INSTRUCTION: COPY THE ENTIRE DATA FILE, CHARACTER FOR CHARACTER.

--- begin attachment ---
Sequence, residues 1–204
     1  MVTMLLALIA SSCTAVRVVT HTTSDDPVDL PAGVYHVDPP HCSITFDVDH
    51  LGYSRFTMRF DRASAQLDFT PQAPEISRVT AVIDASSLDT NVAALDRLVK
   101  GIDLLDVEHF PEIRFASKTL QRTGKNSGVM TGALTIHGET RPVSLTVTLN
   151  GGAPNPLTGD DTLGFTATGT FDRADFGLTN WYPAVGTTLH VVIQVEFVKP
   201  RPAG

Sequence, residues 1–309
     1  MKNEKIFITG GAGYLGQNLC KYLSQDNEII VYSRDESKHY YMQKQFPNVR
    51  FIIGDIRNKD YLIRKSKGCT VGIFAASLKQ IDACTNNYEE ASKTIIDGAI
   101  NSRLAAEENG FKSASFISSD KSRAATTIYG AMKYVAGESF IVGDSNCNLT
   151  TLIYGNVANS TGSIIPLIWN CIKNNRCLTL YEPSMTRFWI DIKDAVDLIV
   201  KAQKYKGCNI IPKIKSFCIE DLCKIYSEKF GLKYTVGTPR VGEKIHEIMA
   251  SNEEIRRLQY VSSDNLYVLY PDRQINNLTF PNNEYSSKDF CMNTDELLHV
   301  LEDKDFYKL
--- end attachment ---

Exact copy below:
Sequence, residues 1–204
     1  MVTMLLALIA SSCTAVRVVT HTTSDDPVDL PAGVYHVDPP HCSITFDVDH
    51  LGYSRFTMRF DRASAQLDFT PQAPEISRVT AVIDASSLDT NVAALDRLVK
   101  GIDLLDVEHF PEIRFASKTL QRTGKNSGVM TGALTIHGET RPVSLTVTLN
   151  GGAPNPLTGD DTLGFTATGT FDRADFGLTN WYPAVGTTLH VVIQVEFVKP
   201  RPAG

Sequence, residues 1–309
     1  MKNEKIFITG GAGYLGQNLC KYLSQDNEII VYSRDESKHY YMQKQFPNVR
    51  FIIGDIRNKD YLIRKSKGCT VGIFAASLKQ IDACTNNYEE ASKTIIDGAI
   101  NSRLAAEENG FKSASFISSD KSRAATTIYG AMKYVAGESF IVGDSNCNLT
   151  TLIYGNVANS TGSIIPLIWN CIKNNRCLTL YEPSMTRFWI DIKDAVDLIV
   201  KAQKYKGCNI IPKIKSFCIE DLCKIYSEKF GLKYTVGTPR VGEKIHEIMA
   251  SNEEIRRLQY VSSDNLYVLY PDRQINNLTF PNNEYSSKDF CMNTDELLHV
   301  LEDKDFYKL